Sheffield ‘coach trimmers’ put feet up after 111 years

A Sheffield ‘coach trimmers’ set up when horse-drawn charabancs ruled the road is closing after 111 years.

By David Walsh
Friday, 29th March 2019, 12:38 pm
Updated Friday, 29th March 2019, 12:43 pm
Claytons 1908 coach trimmers closes after 111 years. Geoff, left, and Albert Clayton. Picture Scott Merrylees.
Claytons 1908 coach trimmers closes after 111 years. Geoff, left, and Albert Clayton. Picture Scott Merrylees.

Brothers Geoff, aged 72, and Albert, 76, have called time on the family business established by their grandfather in 1908.

Albert has put in 61 years after joining from Frecheville Secondary School aged 15 in 1957.

Claytons 1908 coach trimmers closes after 111 years. Geoff, left, and Albert Clayton. Picture Scott Merrylees.

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And as they empty out their premises on Rutland Road they reflect on a long and eventful history.

Claytons (1908) Ltd specialises in car upholstery and interior fittings. It has seen carriages give way to cars, war work for the army, a near miss from an unexploded bomb, several moves - including a residency at what is now the Leadmill nightclub - a devastating fire, celebrity customers and fads including vinyl roofs, twice: after the war and again in the 1970s.

Albert said: “It’s quite sad in a way, but you can’t dwell on that. The business has kept a roof over our heads for three generations. But the time has come when unfortunately we must close. We’ve got to accept that and move on, although it will be strange I’m sure.”

None of Albert’s four sons, or Geoff’s son and daughter, fancied taking over and the brothers didn’t want to sell.

Albert Clayton. Picture Scott Merrylees.

Back in 1957, Albert, the eldest son, had no choice but to join the family firm. The same does not apply today.

He said: “You can’t force it on someone who is not interested. I got used to the idea that it would close over a period of time. It wasn’t a sudden realisation. Happily the children are all right. I have worked to an age. You can’t go on forever.”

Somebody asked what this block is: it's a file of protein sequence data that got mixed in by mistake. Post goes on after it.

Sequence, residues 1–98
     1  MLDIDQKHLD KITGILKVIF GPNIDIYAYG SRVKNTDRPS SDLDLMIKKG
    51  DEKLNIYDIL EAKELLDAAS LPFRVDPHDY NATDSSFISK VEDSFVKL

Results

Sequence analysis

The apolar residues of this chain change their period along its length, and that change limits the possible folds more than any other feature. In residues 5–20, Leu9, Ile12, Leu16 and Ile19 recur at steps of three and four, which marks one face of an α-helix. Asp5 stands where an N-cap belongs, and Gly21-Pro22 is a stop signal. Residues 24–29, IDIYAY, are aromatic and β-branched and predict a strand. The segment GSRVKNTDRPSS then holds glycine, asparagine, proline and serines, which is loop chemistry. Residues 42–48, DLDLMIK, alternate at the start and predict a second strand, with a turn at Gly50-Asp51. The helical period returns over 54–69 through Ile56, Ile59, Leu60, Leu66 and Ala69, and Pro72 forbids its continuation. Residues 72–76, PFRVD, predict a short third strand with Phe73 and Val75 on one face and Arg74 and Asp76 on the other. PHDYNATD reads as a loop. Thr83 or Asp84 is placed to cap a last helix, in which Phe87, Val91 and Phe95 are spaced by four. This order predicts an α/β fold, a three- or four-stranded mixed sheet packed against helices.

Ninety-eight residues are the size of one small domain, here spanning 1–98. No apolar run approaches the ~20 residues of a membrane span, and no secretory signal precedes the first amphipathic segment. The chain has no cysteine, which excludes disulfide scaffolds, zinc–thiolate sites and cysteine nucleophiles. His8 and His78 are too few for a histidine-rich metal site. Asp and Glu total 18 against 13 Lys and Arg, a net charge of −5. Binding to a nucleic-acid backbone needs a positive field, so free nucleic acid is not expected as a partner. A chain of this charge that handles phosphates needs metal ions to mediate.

Claytons is believed to the oldest family-run coach trimming firm in Sheffield. Charles ‘Albert’ Clayton was in his twenties when he set up on his own on Bellfield Street, Netherthorpe, in 1908.

Horse-drawn hansom cabs and charabancs were common and work involved repairing and replacing upholstery and thick patent leather hoods.

Claytons 1908 coach trimmers closes after 111 years. Albert and Geoff Clayton. Picture Scott Merrylees

He died of pneumonia in 1936 aged 56, but by then had three sons working in the business: Sam, Albert and George.

In the Second World War the firm was commandeered by the army, based at the Somme barracks on Glossop Road, to repair canvas sided lorries. During the Sheffield Blitz of 1940 staff came in to work to find an unexploded bomb in the doorway.

Albert said: “My father was told to leave it alone and carry on.”

The firm moved to Rutland Road but by the early 60s had so much work treating cars against rust it needed bigger premises and moved into what is the Leadmill today. But they always wanted to buy, and eventually got a place on Mowbray Street, Neepsend in 1976.

Albert Clayton in the 1970s with a horse-drawn carriage from 1846.

“It was everything we wanted,” Albert said. Until 1982 when it burned to the ground. Luckily they had still Rutland Road, so they moved back and have been there ever since.

A few celebrities have been among the thousands of customers. Albert senior had his photo taken with pop star David Whitfield’s Plymouth when he brought it in for a new hood in the early 1960s.

Albert junior recalls Sheffield Wednesday players John Fantham, (1960s) and Andy McCulloch (1980s) and both brothers recall Sheffield comedians Jimmy Jewel and Ben Warriss and snooker player Joe Davis.

As well as vinyl roofs, a law making seat belts compulsory in the 1980s brought in extra repair work. But long gone are the days of replacing wood in cars says Geoff.


Geoff Clayton was diagnosed with cancer in 2015 and has just had 37 consecutive days of treatment.

Albert Clayton senior with pop star David Whitfield's Plymouth in the early 1960s.

He still came to work every day.

He said: “You work long hours because it’s good for the business. It’s been hard, finding work, doing work, losing customers. Customers who want it tomorrow…

“Customers of 45 years have have rung up saying ‘you can’t go’. But sometimes you have to go.”

Albert added: “We’d not thought about selling up. Working for yourself… that’s the way you want it.”

The Rutland Road workshop is being sold, ending an era.


The tools of the trade. Picture Scott Merrylees